Spencer Strider was originally lined up to start one of the doubleheader games Monday, but is sick and will be pushed back a couple of days, with his start now tentatively scheduled for Wednesday. The Braves pitched Dylan Dodd on Saturday and Allan Winans on Sunday, so neither of those guys are available. Darius Vines was used in relief on Saturday and Jared Shuster pitched at Gwinnett Friday. All of this puts the Braves in a bit of a sticky situation, which seemed to be lined up well but for Strider’s illness. Kyle Wright threw 50 pitches in his third rehab start Tuesday and might be an option to get the game started. AJ Smith-Shawver was recalled to the roster Sunday, but is still building back up after a stint on the Injured List with a shoulder injury.

Michael Lorenzen (24 GS, 143.2 IP, 18.0 K%, 7.1 BB%, 41.3 GB%, 3.95 ERA, 4.34 FIP)

Michael Lorenzen will get the start for the Phillies in Game 2 of Monday’s twin bill. The Phillies picked up Lorenzen from the Tigers at the Trade Deadline and he paid immediate dividends by tossing a no-hitter in his second start with the club. Since then, he has allowed 19 earned runs in his last 21 innings across four starts. In short, he’s been worth just 0.1 fWAR in six starts with the Phillies, and has a 113 ERA-, 126 FIP-, and 128 xFIP- He allowed eight hits and six earned runs over six innings in his last start in San Diego.

Lorenzen has allowed six homers in his last four starts. The Braves also hit three homers off of him when they faced him in Detroit, as part of a six-run drubbing in which Lorenzen only managed a 3/2 K/BB ratio.

Tuesday, September 2, 6:40 p.m. ET (Bally Sports South)

Max Fried (12 GS, 66.2 IP, 24.9 K%, 5.6 BB%, 56.0 GB%, 2.70 ERA, 2.99 FIP)

Max Fried will make his 13th start of the season and his seventh since returning from the Injured List at the start of August. Fried appears to be rounding into shape after missing three months with a strained forearm. He was at his best on the past road trip where he struck out 10 while throwing seven scoreless innings in a win over the Dodgers. He didn’t have his best stuff in his last start, but still found a way to log six innings while allowing three runs against the Cardinals. It was an uncharacteristically fly ball-heavy start for Fried, as his 27.8 percent grounder rate tied a start from 2022, and was the lowest since an outing in May 2021.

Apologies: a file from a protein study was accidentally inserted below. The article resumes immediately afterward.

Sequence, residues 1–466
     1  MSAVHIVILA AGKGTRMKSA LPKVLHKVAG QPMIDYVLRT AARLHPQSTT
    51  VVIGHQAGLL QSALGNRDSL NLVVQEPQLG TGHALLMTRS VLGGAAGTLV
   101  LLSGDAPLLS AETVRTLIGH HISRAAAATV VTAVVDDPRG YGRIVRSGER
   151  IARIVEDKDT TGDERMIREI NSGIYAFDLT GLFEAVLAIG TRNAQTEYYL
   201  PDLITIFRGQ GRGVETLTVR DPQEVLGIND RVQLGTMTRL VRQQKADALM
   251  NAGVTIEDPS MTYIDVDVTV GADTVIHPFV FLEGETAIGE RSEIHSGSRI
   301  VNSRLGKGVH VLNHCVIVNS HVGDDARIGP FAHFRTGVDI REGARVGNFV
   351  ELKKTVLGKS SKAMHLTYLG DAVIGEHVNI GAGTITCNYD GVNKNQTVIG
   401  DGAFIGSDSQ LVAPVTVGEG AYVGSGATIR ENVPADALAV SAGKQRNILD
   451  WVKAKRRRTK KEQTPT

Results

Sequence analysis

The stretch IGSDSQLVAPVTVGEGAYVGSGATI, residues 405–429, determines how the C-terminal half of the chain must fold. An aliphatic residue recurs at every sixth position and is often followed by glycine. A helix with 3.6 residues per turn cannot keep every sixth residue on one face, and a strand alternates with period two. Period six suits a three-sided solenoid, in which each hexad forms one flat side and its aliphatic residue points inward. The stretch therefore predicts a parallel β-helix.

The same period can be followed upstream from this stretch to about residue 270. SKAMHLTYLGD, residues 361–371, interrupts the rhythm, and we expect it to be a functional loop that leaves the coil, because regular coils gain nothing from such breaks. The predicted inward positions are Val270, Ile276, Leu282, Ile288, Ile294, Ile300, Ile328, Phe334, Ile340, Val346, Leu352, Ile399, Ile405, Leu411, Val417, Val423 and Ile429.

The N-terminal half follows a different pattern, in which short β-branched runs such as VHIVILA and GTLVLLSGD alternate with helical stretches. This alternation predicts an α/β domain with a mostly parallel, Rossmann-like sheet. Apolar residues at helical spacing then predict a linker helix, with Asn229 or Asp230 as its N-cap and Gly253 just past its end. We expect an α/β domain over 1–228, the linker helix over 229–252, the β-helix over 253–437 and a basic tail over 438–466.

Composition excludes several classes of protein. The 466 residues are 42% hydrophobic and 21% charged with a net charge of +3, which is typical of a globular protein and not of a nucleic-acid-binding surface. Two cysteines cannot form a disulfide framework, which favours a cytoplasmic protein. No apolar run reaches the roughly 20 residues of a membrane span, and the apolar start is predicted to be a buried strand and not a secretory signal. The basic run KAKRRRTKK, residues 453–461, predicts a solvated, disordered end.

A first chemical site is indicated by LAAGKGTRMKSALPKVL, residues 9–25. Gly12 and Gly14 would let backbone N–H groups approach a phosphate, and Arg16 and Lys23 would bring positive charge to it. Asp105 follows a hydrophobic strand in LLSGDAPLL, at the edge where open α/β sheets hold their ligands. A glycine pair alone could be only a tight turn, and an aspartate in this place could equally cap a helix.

Zack Wheeler (28 GS, 170.0 IP, 27.7 K%, 4.6 BB%, 41.6 GB%, 3.49 ERA, 2.93 FIP)

The Phillies have spent a lot of money over the last several years, but none better than the five-year, $118 million deal that they gave Zack Wheeler. Wheeler will get the start on Tuesday opposite of Max Fried. He has been a workhorse for the Phillies and among the best pitchers in the league, with a substantial MLB lead in fWAR. Wheeler tossed six scoreless innings in his last start against the Padres. He faced the Braves back in May and struck out 12 while tossing eight scoreless innings. Wheeler is on a roll of four straight dominant starts, having put up a 32/3 K/BB ratio in his last 26 innings. He’s gone 16 straight outings without an unequivocally bad start.

Wednesday, September 3, 6:40 p.m. ET (Bally Sports South)

Spencer Strider (28 GS, 162.0 IP, 37.8 K%, 7.9 BB%, 34.6 GB%, 3.83 ERA, 2.89 FIP)

Word was that if it had been a playoff situation, Strider would have taken his normal turn in Monday’s doubleheader. However, given the lead that the Braves have, there was no reason to push Strider, who will move back to starting on Wednesday as he recuperates from an illness. The extra rest could do him good anyway. He was never able to settle in during his last start and exited after just 2 2/3 innings, having allowed six hits and six runs against the Cardinals. Strider leads the majors with 250 strikeouts and is just 26 away from tying John Smoltz’s single season record. He’s second in the NL, and third in MLB, in fWAR, behind Wheeler and Kevin Gausman.

Cristopher Sanchez (15 GS, 80.0 IP, 22.8 K%, 4.1 BB%, 58.6 GB%, 3.26 ERA, 4.15 FIP)

Left-hander Cristopher Sánchez will get the nod for the Phillies in the finale Wednesday. Sanchez has been a nice surprise for Philadelphia and has helped solidify their rotation. Atlanta has feasted on left-handed pitching in 2023, but Sanchez will be an interesting matchup given his 58.6 percent ground-ball rate. He allowed just four hits over five scoreless innings in his last start against the Marlins. Sanchez brings a stellar 74 xFIP- across 15 starts into this game, and has been dominant over his last four, with a 20/1 K/BB ratio in his last 21 23 innings, though he has allowed two homers in that span.

Sanchez had a two-inning relief appearance against the Braves back in 2021, but hasn’t faced them since.